Many Christians are afraid of scientists because they feel that scientists are out to do away with God. This is not the case. First there are many born again men of science. Those men of science who choose to reject God do so for various reasons. Some reject God because in their materialistic scheme of things there is no reason for God. Others reject Him simply because they do not understand His attributes. Many reject Him because Christians have not taken the trouble to accurately study and explain scientific data in the light of Scripture. This latter task demands men who are competent both in Scripture and science.

Scientists are not closed to the Gospel. In fact very few people may truly be said to be closed to the Gospel. It is often the method we use that turns people away from the Gospel. The Gospel is a modem message able to meet modern needs. It is as applicable today as it was on the first day of creation. It is we who have allowed ourselves to become outdated in

our presentation of that Gospel. God's love has not changed anymore than has man, but the task of making others see His love has changed greatly since the time of Christ.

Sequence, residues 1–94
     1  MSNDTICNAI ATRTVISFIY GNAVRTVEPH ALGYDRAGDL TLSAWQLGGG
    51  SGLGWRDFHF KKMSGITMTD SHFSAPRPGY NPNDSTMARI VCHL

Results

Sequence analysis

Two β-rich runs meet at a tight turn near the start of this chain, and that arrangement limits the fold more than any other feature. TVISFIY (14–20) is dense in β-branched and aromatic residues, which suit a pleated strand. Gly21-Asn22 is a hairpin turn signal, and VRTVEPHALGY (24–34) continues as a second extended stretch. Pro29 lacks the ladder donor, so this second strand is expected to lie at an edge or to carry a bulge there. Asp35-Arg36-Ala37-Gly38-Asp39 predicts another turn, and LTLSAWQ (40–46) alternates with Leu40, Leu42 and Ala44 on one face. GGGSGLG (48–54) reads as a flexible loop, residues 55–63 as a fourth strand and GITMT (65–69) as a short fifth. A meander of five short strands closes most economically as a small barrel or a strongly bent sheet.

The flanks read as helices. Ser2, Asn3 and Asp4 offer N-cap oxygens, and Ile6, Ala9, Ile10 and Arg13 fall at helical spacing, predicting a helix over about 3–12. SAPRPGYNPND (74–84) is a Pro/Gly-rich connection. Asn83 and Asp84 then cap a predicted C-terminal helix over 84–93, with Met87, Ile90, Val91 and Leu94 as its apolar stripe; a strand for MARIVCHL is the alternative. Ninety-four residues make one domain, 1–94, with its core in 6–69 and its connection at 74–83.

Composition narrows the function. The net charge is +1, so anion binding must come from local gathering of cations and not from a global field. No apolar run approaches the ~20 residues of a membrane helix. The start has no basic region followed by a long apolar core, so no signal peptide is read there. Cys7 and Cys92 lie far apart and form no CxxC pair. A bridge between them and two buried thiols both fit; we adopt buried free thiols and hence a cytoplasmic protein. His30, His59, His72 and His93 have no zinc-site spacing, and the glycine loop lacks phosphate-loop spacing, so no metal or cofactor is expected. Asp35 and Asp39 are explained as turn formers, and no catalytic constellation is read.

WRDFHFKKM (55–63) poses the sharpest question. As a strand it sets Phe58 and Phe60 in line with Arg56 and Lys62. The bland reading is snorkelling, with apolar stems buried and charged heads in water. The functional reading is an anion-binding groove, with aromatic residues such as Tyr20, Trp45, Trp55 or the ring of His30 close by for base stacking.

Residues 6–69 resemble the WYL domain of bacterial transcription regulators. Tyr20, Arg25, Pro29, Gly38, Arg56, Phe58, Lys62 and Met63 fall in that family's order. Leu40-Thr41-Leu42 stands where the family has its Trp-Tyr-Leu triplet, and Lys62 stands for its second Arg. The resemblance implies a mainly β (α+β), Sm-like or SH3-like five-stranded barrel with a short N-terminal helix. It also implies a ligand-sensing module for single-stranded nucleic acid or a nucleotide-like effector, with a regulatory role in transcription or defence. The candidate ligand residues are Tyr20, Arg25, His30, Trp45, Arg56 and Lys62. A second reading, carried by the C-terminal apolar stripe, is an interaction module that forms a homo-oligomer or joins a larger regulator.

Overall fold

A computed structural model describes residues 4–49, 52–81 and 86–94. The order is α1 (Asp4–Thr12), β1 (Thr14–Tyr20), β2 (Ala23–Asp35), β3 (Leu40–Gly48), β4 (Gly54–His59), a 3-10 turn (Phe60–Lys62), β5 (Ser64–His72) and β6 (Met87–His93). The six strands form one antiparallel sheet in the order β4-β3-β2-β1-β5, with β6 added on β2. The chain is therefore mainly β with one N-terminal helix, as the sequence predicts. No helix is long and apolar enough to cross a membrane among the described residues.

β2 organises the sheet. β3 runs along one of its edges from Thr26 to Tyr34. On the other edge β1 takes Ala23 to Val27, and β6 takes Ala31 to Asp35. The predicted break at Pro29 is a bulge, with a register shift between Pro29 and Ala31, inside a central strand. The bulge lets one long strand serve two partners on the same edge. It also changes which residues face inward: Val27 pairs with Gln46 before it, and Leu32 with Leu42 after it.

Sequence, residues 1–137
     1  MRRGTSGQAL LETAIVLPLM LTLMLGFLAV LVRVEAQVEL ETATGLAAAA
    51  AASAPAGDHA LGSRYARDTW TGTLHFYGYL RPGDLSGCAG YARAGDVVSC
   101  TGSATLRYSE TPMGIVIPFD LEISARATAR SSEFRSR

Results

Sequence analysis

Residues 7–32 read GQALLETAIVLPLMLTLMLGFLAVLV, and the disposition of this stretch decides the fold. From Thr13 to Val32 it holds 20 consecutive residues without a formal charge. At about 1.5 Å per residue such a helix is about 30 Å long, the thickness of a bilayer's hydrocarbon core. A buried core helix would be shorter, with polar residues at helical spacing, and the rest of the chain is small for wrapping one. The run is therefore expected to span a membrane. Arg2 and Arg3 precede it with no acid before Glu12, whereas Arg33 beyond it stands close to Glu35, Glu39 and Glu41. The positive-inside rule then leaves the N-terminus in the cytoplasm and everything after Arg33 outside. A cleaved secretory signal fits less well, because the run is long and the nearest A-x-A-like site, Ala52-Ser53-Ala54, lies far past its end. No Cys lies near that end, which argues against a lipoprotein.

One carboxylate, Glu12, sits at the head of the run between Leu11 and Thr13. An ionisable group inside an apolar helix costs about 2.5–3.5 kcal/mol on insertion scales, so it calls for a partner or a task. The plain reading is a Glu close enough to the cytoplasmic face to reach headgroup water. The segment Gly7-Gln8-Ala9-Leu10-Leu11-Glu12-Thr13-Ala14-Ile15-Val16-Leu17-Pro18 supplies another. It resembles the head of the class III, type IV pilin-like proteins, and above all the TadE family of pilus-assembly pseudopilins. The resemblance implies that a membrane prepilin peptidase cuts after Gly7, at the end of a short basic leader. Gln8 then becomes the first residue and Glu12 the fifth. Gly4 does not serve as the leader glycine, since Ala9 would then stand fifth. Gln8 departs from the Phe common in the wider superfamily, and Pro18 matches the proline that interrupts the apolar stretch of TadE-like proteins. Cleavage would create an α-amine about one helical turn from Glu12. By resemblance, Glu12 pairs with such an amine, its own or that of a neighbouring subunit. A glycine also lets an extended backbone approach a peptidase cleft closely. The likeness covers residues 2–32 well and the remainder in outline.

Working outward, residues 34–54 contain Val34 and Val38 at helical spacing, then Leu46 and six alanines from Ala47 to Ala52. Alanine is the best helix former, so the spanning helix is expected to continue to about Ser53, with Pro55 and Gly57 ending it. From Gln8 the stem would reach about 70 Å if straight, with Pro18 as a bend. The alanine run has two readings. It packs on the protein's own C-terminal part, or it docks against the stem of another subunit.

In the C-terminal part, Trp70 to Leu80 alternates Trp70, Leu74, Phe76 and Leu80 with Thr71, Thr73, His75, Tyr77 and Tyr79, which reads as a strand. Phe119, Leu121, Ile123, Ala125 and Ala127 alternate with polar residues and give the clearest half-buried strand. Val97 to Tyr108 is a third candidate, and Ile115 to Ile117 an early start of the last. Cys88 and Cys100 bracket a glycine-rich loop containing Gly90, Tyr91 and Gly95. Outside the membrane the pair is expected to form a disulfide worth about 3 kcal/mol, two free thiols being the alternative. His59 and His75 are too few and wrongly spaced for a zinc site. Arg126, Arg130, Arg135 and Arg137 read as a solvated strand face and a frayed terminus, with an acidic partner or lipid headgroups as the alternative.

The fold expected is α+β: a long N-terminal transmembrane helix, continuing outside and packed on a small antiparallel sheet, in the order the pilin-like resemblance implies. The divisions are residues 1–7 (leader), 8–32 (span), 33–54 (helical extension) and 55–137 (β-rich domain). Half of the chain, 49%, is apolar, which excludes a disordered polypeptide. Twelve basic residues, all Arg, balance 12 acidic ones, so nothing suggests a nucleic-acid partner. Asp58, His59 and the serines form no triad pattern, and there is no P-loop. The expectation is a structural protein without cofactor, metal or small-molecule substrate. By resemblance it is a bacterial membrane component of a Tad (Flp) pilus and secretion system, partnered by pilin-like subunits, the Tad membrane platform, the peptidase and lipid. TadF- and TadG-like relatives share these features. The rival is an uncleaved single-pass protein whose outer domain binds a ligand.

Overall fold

There are several things which might be done to help bring our message of hope up to date. First Christians must keep themselves up to date on world affairs. We must be alert to happenings in politics, world affairs, economics and certainly science, and the fine arts. We must be ready to meet any man on his own level. Paul said that be was all things to all men that by all means he might win some. Paul could talk with ease to any man in the middle eastern world of his day. I believe that it is equally important for the Christian of today to likewise be able to talk at ease on a large number of topics.

Second, that we as Christians be ready at all times to give a well thought out reason for the hope that lies within us. This is difficult for a person to do unless he has a living personal relationship with Christ. But for those of us who know Him, the task should not be that hard.

Third, that we young people who must minister to tomorrow's world prepare ourselves by fervently studying all three of God's revelations. That we tackle the problem of science as a revelation of God as earnestly as we have tackled Scripture and the life of Christ. Indeed that we give ourselves the background necessary to allow ourselves to use all three revelations. God has not intended to confine us in our presentation of the Gospel. He has meant for us to use every possible presentation which might win even one man. In our efforts we have often directed our work towards the down-and-outer, but we have had little concern for the up-and-outer, the person with high intellect and good education. We must remember that Christ died for him too.